Yellowtail snapper, Florida Museum of Natural History Photos of Yellowtail snapper on Sealife Collection

Gentle Annie Tramway

The Gentle Annie Tramway or Gisborne Borough Council’s Gentle Annie Metal Supply Tramway was a narrow gauge railway which ran from Gisborne, New Zealand to the Gentle Annie quarry, a distance of 19.3 km. The tramway was built in 1911 by the Gisborne Borough Council to transport road metal to the Council depot in downtown Gisborne; the track followed alongside the local roads. The tramway closed in 1916 and all equipment was sold to Moutohora Stone Quarries, which had a short tramway from a nearby quarry to the Moutohora Branch terminus; the tramway operated two W. G. Bagnall locomotives. "Jack", was works No. 1879 of 1911. It was 0-4-0ST, but was modified with a trailing axle and tender to be a 0-4-2. "Jack" was delivered from the Bagnall Locomotive Works, England, on 26 January 1911. It measured 11 ft 4 in over the buffers. "Jack's" weight increased to 7 tons. "Annie", works No. 1922 of 1911, was built a 0-4-2T side tank. "Annie" arrived from the Bagnall Works on the S. S."Squall" on 23 March 1912, was stationed at the quarry end of the tramway.

A replica locomotive operates at the Groudle Glen Railway on the Isle of Man, another was built beforehand in Australia. Both locos worked at Moutohora Quarry until being laid up circa 1924; the whereabouts of "Jack" are unknown, but the frames of "Annie" have been preserved at the East Coast Museum of Technology, Makaraka. The tramway used a Straker steam road waggon converted to rail use. Photo of Jack at Council depot and Annie loco, Photo News, 22 March 1967

Cameron Daddo

Cameron Peter Daddo is an Australian actor and presenter. Daddo's first television role was host of a children's show called Off the Dish, which soon led to him hosting The Cameron Daddo Cartoon Show. Daddo replaced Greg Evans as the host of dating game show Perfect Match Australia from 1987 to 1988, he was 21 years old. Daddo appeared in the telemovie Bony based on the books by Arthur Upfield, he won the Logie Award for Most Popular Actor in a Telemovie or Miniseries in 1992 for Golden Fiddles and again in 1993 for Tracks of Glory. He appeared in the miniseries Golden Fiddles, the SBS documentary Filthy Rich and Homeless. Daddo moved to Los Angeles in 1992 to pursue his acting career in Hollywood, he was cast in a role as a photographer in the Melrose Place spin-off Models Inc.. He made a one off appearance in a 1993 episode of The Young Indiana Jones Chronicles. In 1996, he appeared as Rollie Tyler in F/X: The Series, he appeared in the PAX TV network's Hope Island from 1999 to 2000. In 2000, he appeared in Anne of Green Gables: The Continuing Story as Jack Garrison, an American writer who had an important role during World War I.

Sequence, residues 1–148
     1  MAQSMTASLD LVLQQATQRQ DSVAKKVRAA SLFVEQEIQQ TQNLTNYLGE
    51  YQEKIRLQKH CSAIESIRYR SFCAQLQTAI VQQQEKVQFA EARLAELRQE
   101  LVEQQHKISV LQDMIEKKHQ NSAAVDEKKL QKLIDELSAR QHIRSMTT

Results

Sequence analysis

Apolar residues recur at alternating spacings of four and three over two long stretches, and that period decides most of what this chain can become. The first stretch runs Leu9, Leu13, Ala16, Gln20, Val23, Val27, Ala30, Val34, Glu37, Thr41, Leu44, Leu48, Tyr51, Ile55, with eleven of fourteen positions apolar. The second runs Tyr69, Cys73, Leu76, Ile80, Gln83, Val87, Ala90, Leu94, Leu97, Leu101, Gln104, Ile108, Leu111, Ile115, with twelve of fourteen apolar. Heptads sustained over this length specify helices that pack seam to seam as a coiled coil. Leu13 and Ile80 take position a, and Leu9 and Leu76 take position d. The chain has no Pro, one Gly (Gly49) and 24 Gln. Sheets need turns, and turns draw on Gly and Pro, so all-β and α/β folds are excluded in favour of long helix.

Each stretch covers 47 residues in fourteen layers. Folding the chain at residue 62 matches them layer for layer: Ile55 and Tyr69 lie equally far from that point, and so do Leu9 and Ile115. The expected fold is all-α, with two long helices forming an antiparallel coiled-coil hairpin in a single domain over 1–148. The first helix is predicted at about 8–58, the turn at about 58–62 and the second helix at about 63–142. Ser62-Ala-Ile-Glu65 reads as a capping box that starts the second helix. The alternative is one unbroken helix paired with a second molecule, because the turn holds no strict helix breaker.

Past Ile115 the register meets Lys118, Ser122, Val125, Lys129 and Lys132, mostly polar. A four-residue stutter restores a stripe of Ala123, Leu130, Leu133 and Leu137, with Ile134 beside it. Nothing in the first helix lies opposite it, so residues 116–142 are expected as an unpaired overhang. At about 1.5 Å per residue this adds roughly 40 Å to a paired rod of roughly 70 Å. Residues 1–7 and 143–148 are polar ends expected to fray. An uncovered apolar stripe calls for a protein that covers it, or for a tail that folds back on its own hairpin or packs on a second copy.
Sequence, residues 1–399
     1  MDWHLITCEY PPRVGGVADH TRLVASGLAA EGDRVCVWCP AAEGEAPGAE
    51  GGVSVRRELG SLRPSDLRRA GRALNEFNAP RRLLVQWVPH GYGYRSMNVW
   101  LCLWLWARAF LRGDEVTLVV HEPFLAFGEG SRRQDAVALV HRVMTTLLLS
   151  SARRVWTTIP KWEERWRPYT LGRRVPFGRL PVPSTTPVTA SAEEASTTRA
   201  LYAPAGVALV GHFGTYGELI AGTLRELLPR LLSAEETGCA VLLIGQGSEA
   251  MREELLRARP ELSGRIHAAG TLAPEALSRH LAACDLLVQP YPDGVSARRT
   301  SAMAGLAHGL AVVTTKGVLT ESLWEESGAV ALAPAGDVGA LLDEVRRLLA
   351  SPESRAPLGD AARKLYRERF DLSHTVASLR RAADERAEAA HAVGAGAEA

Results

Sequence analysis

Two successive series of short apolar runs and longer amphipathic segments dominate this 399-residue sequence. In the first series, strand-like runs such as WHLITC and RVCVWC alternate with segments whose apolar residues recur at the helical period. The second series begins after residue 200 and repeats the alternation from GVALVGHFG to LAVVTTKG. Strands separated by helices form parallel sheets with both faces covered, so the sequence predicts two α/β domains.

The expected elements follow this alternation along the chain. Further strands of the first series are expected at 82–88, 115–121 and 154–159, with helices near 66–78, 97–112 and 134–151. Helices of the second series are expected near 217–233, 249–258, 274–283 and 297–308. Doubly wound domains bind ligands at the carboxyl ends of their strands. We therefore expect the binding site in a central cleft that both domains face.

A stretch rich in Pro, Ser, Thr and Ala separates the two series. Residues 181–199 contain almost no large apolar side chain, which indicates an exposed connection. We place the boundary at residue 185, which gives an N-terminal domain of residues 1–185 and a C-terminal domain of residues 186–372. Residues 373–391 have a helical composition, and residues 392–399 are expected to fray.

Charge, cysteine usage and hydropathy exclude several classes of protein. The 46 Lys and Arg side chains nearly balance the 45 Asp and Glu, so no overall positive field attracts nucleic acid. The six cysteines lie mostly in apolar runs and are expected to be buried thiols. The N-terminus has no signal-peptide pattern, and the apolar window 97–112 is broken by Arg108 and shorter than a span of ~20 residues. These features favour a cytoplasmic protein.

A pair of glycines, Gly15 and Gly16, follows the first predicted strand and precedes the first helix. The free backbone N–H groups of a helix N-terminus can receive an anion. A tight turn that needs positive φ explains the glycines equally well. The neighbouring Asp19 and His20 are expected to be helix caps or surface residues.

Daddo appeared as Samuel Clemens in the 2003 television pilot Riverworld based on the popular novels. He had a role as Quentin Cross in the second season of She Spies. Daddo had a role in David Lynch's 2006 film Inland Empire. In 2007, Daddo hosted the Mark Burnett reality show Pirate Master on CBS, appeared in the movie Drifter. In 2009, he played the role of Vice President Mitchell Hayworth on 24. Daddo has a role in The Mentalist season 3 e 17 airing in March 2011 and filming in Leverage Daddo starred as'the interviewer' in an Australian Adult Romance feature film SIX LOVERS, which finished production in 2010 and was released in 2012. In 2014 he appeared in the Australian Theatre Company's Los Angeles production of Holding the Man opposite Nate Jones, Roxane Wilson and Adam J. Yeend. In 2012, Daddo returned to the Australian stage for the first time in 20 years as Professor Callahan in the Australian production of'Legally Blonde'. Daddo was cast in the role of Captain Georg Von Trapp in the 2016 Australian Tour of the London Palladium production of The Sound of Music opposite Amy Lehpamer in the role of Maria.

In October 2012, Daddo joined smoothfm as Sunday Mornings host. In March 2013, Daddo became the host of Mellow Music. Daddo is the eldest of five siblings, his brothers Andrew Daddo and Lochie Daddo are actors. Daddo met model Alison Brahe in 1991 and they married the following year, they have three children. A Long Goodbye – AUS #91 "Fifteen Minutes of Fame" – AUS #86 "Watching the River Go By" Cameron Daddo on IMDb Official website